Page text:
The 7 Greatest Story Songs Ever Created

via @JohnnyCashVEVO | YouTube

Of course, every song purports to have a narrative. We infer information from the lyrics, which helps us visualize the message the musician is attempting to convey in our minds. Occasionally, though, a performer may utilize their allotted three minutes to tell a sequence of events in their own life or the lives of a character in a markedly chronological manner.


“A Boy Named Sue” – Johnny Cash

Through his San Quentin recordings, Johnny Cash popularized “A Boy Named Sue,” which was written by renowned author Shel Silverstein. Now, I don’t blame him ’cause he run and hid / But the meanest thing that he ever did / Was before he left, he went and named me “Sue,” Cash pulls out towards the start of the song, setting up a tale of hardship and retaliation. It was one of Cash’s biggest hits when it was first released. Who would have imagined that a song by a children’s book that was performed in a jail would become so popular?


“Don’t Mess Around With Jim” – Jim Croce

Jim Croce offers a vengeance scenario in a similar spirit, this time with a mob leader and a young Alabama kid who first appears to be innocent. Following the theft of his money, Big Jim finds himself on the receiving end of Willie McCoy’s knife. As Croce sings the chorus, “Slim” quickly ascends to the position of leadership in the community. You don’t tug on Superman’s cape / You don’t spit into the wind / You don’t pull the mask off that old Lone Ranger / And you don’t mess around with Slim.


“Red Dirt Girl” – Emmylou Harris

With her song “Red Dirt Girl,” Emmylou Harris sets off the tears. Drawing from her memories of her childhood in Alabama, she tells the tale of a friend named Lillian who never left their “red dirt town.” Toward the end of the song, she sings, “Could-a been the whiskey, could-a been the pills / Could-a been the dream she was tryin’ to kill. Lillian never got much further than Meridian, where she sunk her hammer six feet into the earth of red soil. It’s a tragic yet incredibly poignant snapshot of small-town life.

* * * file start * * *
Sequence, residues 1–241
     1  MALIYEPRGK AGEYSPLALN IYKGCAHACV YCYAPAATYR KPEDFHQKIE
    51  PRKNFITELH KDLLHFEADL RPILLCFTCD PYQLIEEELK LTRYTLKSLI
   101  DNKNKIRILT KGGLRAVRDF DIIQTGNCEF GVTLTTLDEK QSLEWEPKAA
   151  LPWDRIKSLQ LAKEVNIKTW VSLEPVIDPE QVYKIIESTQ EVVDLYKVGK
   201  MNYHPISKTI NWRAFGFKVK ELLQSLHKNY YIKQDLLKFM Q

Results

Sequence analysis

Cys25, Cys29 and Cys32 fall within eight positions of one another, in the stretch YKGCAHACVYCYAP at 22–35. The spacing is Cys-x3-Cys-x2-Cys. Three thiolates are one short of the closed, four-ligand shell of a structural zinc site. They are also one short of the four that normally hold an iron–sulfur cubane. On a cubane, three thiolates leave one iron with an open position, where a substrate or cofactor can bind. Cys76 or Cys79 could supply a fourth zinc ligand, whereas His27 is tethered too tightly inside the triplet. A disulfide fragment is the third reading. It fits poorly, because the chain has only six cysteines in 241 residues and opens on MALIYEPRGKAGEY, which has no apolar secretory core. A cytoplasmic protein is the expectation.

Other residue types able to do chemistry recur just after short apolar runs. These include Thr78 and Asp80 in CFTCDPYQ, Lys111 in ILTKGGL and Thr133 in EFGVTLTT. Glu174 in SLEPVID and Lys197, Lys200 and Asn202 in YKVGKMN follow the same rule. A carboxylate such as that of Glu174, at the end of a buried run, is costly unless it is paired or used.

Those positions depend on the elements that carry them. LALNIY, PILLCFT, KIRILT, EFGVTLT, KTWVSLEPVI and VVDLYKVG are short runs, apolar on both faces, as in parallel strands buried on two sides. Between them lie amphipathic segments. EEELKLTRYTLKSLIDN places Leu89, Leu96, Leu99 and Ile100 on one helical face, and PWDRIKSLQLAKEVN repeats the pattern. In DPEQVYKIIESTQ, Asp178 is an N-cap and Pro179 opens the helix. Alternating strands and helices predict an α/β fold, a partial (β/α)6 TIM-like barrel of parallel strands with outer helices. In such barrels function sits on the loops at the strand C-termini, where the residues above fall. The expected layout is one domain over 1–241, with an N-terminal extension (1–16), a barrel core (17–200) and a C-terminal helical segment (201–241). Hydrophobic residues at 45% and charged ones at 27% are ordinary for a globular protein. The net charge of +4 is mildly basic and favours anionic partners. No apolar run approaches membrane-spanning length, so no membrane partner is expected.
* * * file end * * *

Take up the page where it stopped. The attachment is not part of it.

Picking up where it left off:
“Travelin’ Soldier” – The Chicks

In 2003, as the United States was about to go to war with Iraq, The Chicks helped “Travelin’ Soldier,” a song written by Bruce Robinson in the 1990s, reach No. 1. The moving song explores the idea of young people dying from conflict. A young man is getting dressed in his Army greens when he runs into a timid diner employee. While apart, the two correspond via letters, growing more and more in love with each one that is written. Eventually, the “small girl with a bow in her hair” is devastated to learn that her soldier is among the local Vietnam dead. Few songs have such a strong emotional impact as this one.


“Escape (The Piña Colada Song)” – Rupert Holmes

We’re now looking at “Escape (The Pia Colada Song)” by Rupert Holmes for some lighter food. It’s difficult to find someone who doesn’t at least recognize the tune of this song because it’s a legend in the narrative genre. Our narrator decides to place an advertisement for a new partner in the newspaper because his relationship is in trouble. Unbeknownst to him, his wife has followed suit, and via the most unexpected of circumstances, the two fall in love once more.


“The Wreck of the Edmund Fitzgerald” – Gordon Lightfoot

Gordon Lightfoot dedicated his song “The Wreck of the Edmund Fitzgerald” to the 29 people who perished when Edmund Fitzgerald sank in Lake Superior. He creates a tragic atmosphere by singing, Then the Edmund Fitzgerald weighed empty / That good ship and true was a bone to be chewed / When the gales of November came early.


“Uneasy Rider” – The Charlie Daniels Band

In “Uneasy Rider,” Charlie Daniels drives across the nation but barely avoids a brawl. The narrator, who calls himself a hippy, runs into some obnoxious people in a Jackson, Mississippi, pub. He needs to act quickly to hide his counter-culture ties after the locals see his free-flowing hair and his automobile bearing a peace sign bumper sticker. He masterfully shifts the blame and rapidly turns the tables on his accusers. Daniels had a talent few artists have for using music to communicate stories.